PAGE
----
My book is off the presses, and I received the first small shipment today.  I am thrilled beyond words!  I hope and pray that I will be able to get what I believe is the important message of What’s in It for Me? Finding Ourselves in Biblical Narratives to as wide an audience as possible. I wrote this book because I believe in the power of biblical stories–properly interpreted and understood–to transform our lives for the better.

I do not believe the Bible is literal, historical or scientific truth. I believe its truth lies in the lessons the stories can teach us that can make us better people.  I strongly believe in God, but I am convinced Biblical narratives–as I explain in the book–can have meaning for those who do not.

There is a reason more people have read he Bible, translated the Bible and written about the Bible more than any other book. I hope my slender volume will help you understand why and that it will change the way you think about your life and your place in the world.

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The Burden of Being Israel

Once again the Mideast is in turmoil. Some even claim it is on the brink of war. Predictably, but sadly, much of the world is blaming Israel.

Let’s take a sober look at recent events.  Palestinian terrorists kidnapped and brutally murdered three Israeli teens, Eyal Yifrach, Gilad Shaar, and Naftali Frenkel. In retaliation Israeli extremists kidnapped and savagely burned to death a Palestinian teen, Mohammed Abu Khdeir.  Furthermore, videos show Israeli police brutally beating Mohammed’s cousin,Tariq Khdeir. The Palestinian crime was met with cheers in the Arab world. The Israeli crime was met with shock and revulsion in the Jewish world.

Why I wonder does the world seem so much more outraged by the crimes perpetrated by Israelis against these Palestinian boys and the crimes perpetrated by Palestinians against Israelis? Why does the world not take note that Israel prosecutes and punishes its terrorists, but Palestinians glorify and memorialize theirs by building parks and monuments in their names?

Why does the world begrudge the existence of a solitary tiny Jewish State when there are more than 20 Islamic (and or) Arab states.  In Israel Muslims serve in the Knesset and on Israel’s Supreme Court. Many are respected doctors, lawyers and business executives. By contrast in many of the Arab states a Jew cannot legally set foot. And yet, Israel is always made out to be the villain.

There are things I wish Israel would do differently. I wish Israel would never blow up houses in retaliation for Palestinian crimes. I wish Israeli policemen would never do what they did to Tariq Khdeir, no matter what the provocation.  Three armed Israeli policemen have no excuse for what they did to an unarmed Palestinian youth, and I hope these men spend years in prison for their disgraceful act.

Nevertheless, the fact remains. Israeli terror is an aberration. Palestinian terror is standard procedure. The fact also remains that Israel has been trying to live in peace with its Arab neighbors for 66 years. It is hard to make peace when you do not have a partner in the enterprise.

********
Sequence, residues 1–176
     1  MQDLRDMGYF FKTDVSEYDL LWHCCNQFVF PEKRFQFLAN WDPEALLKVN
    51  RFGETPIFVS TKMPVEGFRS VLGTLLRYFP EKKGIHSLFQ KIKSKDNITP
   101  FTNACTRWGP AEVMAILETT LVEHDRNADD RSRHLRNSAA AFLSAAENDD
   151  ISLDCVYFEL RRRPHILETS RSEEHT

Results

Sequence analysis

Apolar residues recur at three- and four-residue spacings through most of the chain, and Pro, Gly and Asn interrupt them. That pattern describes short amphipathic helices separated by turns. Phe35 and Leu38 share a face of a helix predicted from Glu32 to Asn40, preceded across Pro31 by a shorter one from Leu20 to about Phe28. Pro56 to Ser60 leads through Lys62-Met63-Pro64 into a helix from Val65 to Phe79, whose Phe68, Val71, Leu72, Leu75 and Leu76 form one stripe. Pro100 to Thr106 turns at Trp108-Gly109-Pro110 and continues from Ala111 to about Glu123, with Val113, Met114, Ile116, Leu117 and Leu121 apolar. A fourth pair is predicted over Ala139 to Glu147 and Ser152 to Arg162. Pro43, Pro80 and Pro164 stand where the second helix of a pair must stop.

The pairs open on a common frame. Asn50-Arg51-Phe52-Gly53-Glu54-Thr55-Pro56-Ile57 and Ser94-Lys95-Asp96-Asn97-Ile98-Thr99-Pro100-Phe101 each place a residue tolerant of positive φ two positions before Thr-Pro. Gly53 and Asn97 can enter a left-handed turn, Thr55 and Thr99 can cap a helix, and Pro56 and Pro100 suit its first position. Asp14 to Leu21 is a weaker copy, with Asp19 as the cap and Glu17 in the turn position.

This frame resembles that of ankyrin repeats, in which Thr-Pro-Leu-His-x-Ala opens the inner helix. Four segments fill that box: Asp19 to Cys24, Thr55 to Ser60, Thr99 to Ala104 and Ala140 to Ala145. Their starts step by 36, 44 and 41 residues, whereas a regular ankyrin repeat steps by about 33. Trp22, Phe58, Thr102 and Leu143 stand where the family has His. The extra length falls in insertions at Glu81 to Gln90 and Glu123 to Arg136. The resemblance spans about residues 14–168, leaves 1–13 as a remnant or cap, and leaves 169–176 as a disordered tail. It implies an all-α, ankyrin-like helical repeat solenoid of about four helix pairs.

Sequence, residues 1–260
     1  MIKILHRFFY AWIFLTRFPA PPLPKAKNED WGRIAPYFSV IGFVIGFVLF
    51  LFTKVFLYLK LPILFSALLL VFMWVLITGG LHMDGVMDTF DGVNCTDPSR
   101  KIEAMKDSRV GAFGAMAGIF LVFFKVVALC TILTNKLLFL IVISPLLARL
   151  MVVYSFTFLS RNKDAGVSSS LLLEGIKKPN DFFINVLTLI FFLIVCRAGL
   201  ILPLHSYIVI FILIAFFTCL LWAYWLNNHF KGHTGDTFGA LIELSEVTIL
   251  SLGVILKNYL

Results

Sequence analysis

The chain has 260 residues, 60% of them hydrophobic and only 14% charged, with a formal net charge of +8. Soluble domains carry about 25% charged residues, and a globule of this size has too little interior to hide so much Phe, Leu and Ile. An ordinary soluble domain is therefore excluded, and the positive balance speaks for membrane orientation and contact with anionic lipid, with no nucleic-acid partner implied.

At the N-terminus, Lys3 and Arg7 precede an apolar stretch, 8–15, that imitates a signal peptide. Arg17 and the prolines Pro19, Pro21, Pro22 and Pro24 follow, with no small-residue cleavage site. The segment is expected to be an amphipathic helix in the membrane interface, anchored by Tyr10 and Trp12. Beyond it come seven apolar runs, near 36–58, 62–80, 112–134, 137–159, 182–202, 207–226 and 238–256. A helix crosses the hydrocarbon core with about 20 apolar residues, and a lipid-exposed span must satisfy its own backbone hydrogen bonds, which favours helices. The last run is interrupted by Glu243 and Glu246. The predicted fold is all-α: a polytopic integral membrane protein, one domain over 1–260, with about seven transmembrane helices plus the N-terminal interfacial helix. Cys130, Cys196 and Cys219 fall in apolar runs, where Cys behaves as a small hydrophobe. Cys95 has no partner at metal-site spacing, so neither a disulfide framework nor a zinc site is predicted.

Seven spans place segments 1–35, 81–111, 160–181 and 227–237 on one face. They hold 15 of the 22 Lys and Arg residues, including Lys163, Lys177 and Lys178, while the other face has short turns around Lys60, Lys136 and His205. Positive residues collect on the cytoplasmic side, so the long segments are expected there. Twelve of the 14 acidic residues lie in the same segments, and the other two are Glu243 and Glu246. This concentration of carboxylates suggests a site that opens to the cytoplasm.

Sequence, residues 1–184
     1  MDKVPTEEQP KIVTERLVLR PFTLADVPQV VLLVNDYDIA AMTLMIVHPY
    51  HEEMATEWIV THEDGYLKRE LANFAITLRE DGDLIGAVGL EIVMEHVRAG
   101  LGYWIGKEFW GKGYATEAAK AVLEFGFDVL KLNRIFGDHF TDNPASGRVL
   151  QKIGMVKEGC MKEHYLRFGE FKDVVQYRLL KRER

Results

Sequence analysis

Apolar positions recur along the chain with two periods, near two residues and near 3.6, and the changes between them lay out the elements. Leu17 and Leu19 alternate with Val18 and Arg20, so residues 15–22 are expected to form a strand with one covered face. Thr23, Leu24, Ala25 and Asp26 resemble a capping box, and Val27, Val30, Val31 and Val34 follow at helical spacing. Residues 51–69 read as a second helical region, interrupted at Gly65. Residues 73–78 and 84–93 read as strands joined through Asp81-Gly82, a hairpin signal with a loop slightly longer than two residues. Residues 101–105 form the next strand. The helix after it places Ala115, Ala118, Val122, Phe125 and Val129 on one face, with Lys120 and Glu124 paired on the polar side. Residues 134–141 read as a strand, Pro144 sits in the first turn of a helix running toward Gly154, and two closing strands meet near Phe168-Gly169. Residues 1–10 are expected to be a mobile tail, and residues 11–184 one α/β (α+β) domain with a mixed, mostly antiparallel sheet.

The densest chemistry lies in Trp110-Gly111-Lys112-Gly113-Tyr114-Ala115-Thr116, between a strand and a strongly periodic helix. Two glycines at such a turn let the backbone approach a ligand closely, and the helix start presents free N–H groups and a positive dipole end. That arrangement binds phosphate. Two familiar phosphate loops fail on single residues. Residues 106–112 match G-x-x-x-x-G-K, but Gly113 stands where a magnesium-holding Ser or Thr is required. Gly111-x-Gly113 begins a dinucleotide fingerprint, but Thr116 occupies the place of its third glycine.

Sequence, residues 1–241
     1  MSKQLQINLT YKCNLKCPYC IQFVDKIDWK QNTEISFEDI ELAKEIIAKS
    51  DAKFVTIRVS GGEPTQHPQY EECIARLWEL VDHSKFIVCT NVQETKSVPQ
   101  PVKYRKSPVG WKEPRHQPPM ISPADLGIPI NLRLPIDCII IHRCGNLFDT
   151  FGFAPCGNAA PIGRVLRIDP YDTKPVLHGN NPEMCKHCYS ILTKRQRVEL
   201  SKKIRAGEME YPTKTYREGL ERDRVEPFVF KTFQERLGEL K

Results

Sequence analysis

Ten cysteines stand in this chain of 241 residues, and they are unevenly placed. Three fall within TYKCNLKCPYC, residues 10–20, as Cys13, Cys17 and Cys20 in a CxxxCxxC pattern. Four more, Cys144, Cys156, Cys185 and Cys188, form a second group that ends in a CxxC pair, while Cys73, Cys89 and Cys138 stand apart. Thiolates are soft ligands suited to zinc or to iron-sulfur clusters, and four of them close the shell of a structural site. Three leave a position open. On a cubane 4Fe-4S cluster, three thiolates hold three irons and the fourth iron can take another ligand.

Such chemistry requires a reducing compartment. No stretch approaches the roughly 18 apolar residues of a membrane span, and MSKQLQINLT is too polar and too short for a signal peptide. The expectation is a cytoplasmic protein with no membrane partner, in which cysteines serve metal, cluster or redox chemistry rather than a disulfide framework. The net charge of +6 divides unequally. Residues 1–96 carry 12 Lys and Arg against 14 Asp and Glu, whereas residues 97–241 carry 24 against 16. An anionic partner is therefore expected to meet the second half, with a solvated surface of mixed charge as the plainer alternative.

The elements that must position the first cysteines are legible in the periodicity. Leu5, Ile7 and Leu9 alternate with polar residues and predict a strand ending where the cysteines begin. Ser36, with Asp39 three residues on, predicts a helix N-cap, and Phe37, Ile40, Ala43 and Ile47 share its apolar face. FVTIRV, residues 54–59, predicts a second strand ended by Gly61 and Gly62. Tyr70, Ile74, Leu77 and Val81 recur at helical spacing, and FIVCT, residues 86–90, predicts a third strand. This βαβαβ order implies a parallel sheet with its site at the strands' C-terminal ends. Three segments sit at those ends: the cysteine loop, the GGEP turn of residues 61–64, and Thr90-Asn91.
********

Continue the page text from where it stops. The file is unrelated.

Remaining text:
My prayer is that the Arab world will cease to sanction and sponsor the murderous terrorist campaign against the very existence of the Jewish State. Make no mistake. That is the issue. It is not about this border or that settlement. It is about whether or not the Arab world will countenance the existence of a Jewish state in the vast landmass of the Middle East.

At heart I do believe that one day the Palestinian rejectionists will come to realize that Israel is not going to simply disappear. One day, I pray, they will realize that it is in everyone’s best interest to live in peace and cooperation. It is in everyone’s best interest to renounce terror, and it is in everyone’s best interest to renounce the teaching of Jew and Israeli hatred that has poisoned the mind of nearly three generations of young Palestinians and other Arabs.

How long will it be until that “one day” comes? That is a difficult question. But we must persevere. We must persevere in our resistance to terror and in our pursuit of every option for a peaceful solution. We can do no more; we dare do no less.

 

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Another Thought About Balaam

Another Thought About Balaam.

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Another Thought About Balaam

Shabbat Balak has passed, but the beauty of studying the same portions of the Torah each year is that I always discover new insights. Today while leading Torah study at my synagogue (Congregation Beth Israel, West Hartford, Connecticut, where I am Rabbi Emeritus), I learned the following:

Balaam’s animal that speaks to him is a female. How consistent this is with the theme that it is often the female in the Bible who guides, instructs (or shapes the events surrounding) the clueless male. Beginning with Eve women like Rebecca, Tamar, the six women of the Exodus (discussed in an earlier web site essay), Samson’s un-named mother, Hannah, Ruth, Vashti and Esther are much more savvy than their male counterparts.